Dozens Killed In Mali Massacres

At least forty people have been killed in a series of attacks in central Mali, an escalation of the ethnic tensions that have plagued the West African country in recent years. The worst of the violence left thirty-one people dead in the village of Ogossagou, which is largely inhabited by Fulani people and was the site of another massacre which killed 160 people in March last year. Government officials blamed that attack, as well as this month’s events, on ethnic Dogon militants. Last week, an apparently unrelated ambush in the Gao region saw eight soldiers killed and four wounded.
Village chief Aly Ousmane Barry said approximately thirty gunmen were responsible for the Ogossagou assault, according to AFP. He described the carnage which ensued just hours after government troops left the area, explaining that “Huts and crops were set alight, livestock was burned or taken away”. Moulaye Guindo, mayor of nearby Bankass, corroborated the suggestion that the attack followed the departure of Malian soldiers from their base in the region.
These attacks have been common in Mali since a 2012 rebellion in which several insurgent groups in the north of the country fought for independence. That conflict led to the deployment of several thousand French troops and was partly alleviated by a 2015 ceasefire agreement. Nevertheless, ethnic violence and attacks on government troops have persisted, inflamed by the emergence of Jihadi militias throughout West Africa.
Last month, 89 soldiers were killed by militants just over the border in Niger. French President Emmanuel Macron, however, has equivocated over his country’s military commitments to the region. At a Paris summit with West African leaders at the start of the year, he emphatically noted that “French soldiers” were the ones “dying for the citizens of Niger, Mali and Burkina Faso.” That meeting nonetheless led to France agreeing to send a further 220 troops to the region, adding to the 4,500 already stationed there. But attacks such as those seen last week demonstrate that there is a limit to what a French military presence can achieve. As long as national armies remain poorly trained and under-resourced, they will be ineffectual in protecting civilians, and will themselves continue to be targeted for attacks by militants.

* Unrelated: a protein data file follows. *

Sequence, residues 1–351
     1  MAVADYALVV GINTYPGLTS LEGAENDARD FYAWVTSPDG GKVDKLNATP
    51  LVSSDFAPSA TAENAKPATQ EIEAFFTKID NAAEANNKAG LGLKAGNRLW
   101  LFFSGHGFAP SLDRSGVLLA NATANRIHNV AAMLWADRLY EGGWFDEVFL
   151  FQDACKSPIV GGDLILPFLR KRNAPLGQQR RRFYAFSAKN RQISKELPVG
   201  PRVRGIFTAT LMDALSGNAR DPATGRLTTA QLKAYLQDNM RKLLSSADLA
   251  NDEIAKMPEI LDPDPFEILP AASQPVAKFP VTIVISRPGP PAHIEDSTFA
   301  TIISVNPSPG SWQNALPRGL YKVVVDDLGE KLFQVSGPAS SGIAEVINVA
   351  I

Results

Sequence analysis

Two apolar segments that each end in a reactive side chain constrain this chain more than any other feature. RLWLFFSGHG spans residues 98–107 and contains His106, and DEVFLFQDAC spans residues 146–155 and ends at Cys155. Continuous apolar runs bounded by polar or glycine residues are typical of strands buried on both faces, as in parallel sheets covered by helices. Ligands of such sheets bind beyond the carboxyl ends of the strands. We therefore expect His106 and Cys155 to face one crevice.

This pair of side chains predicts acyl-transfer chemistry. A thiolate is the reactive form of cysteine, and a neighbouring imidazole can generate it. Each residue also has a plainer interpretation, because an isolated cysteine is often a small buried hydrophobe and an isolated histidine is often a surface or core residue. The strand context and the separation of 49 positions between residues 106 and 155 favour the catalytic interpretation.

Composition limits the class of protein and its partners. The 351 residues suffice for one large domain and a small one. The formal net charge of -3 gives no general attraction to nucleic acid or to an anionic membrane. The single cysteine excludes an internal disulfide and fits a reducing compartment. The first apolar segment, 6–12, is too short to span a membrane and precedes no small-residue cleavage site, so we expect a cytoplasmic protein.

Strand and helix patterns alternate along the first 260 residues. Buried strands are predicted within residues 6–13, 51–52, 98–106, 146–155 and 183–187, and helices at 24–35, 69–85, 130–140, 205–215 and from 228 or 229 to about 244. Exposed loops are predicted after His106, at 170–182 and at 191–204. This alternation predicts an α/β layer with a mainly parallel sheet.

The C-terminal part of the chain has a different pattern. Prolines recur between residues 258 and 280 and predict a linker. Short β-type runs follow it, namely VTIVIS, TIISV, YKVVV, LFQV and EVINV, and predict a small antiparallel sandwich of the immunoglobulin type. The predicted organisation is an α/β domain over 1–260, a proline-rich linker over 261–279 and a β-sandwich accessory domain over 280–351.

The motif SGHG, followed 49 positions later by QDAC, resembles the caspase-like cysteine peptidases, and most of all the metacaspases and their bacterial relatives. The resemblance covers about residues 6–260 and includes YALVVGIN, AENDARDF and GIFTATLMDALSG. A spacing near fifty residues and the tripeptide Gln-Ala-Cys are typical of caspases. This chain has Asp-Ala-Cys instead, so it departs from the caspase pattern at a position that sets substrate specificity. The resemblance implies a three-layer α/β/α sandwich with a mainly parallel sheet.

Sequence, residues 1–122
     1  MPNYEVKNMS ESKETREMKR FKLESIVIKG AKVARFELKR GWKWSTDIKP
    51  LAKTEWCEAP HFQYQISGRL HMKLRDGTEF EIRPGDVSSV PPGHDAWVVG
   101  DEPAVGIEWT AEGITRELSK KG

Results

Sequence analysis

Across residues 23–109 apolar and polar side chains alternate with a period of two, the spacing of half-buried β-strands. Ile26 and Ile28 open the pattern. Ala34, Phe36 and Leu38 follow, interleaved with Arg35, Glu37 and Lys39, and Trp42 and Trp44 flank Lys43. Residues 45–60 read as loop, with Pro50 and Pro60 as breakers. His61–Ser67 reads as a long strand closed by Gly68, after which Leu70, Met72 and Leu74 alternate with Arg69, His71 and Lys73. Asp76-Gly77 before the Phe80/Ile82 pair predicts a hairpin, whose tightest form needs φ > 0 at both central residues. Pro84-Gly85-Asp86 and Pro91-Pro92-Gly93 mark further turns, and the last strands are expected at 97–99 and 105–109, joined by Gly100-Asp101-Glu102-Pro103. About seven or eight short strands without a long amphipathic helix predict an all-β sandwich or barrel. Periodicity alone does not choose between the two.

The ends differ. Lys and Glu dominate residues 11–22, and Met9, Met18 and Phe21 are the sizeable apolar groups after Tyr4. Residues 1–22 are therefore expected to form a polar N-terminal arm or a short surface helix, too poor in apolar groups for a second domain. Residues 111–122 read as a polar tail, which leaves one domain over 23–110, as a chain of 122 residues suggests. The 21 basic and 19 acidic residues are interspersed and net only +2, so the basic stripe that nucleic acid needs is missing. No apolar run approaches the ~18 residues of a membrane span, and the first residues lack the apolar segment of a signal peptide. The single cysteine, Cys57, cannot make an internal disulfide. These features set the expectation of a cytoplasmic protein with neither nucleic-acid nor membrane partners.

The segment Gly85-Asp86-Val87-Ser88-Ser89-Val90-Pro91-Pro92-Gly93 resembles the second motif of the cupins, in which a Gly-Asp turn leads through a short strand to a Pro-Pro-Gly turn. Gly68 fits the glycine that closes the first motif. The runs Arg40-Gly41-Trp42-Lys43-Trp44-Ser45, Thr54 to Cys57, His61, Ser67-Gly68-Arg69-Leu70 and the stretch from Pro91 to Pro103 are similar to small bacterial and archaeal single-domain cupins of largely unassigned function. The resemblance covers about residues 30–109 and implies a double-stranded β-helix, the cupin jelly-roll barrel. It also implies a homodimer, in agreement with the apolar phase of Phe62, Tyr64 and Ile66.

Indeed, whether a military solution can address the fundamental problems of the conflict is doubtful. Last year, UN representative Alioune Tine argued that “It will be difficult to eradicate violence in Mali” without “good governance and concrete development initiatives”. Mr Tine echoed the sentiment of many Malians who have criticised the government for its inattentiveness to the country’s central and northern regions, where “The lack of an effective state presence… [has been] one of the aggravating causes of the current security situation”. He identified persistent school closures and chronic youth unemployment as contributing to cycles of violence in the area. The clashes between the Dogon and Fulani people, who are pastoralist farmers and nomadic herders respectively, have been largely fuelled by resource scarcity as the groups compete for arable land and water access. Without a more expansive peace deal than the one agreed in 2015 – and in the absence of serious efforts to combat underdevelopment – many more Malians will be tormented by this violence.

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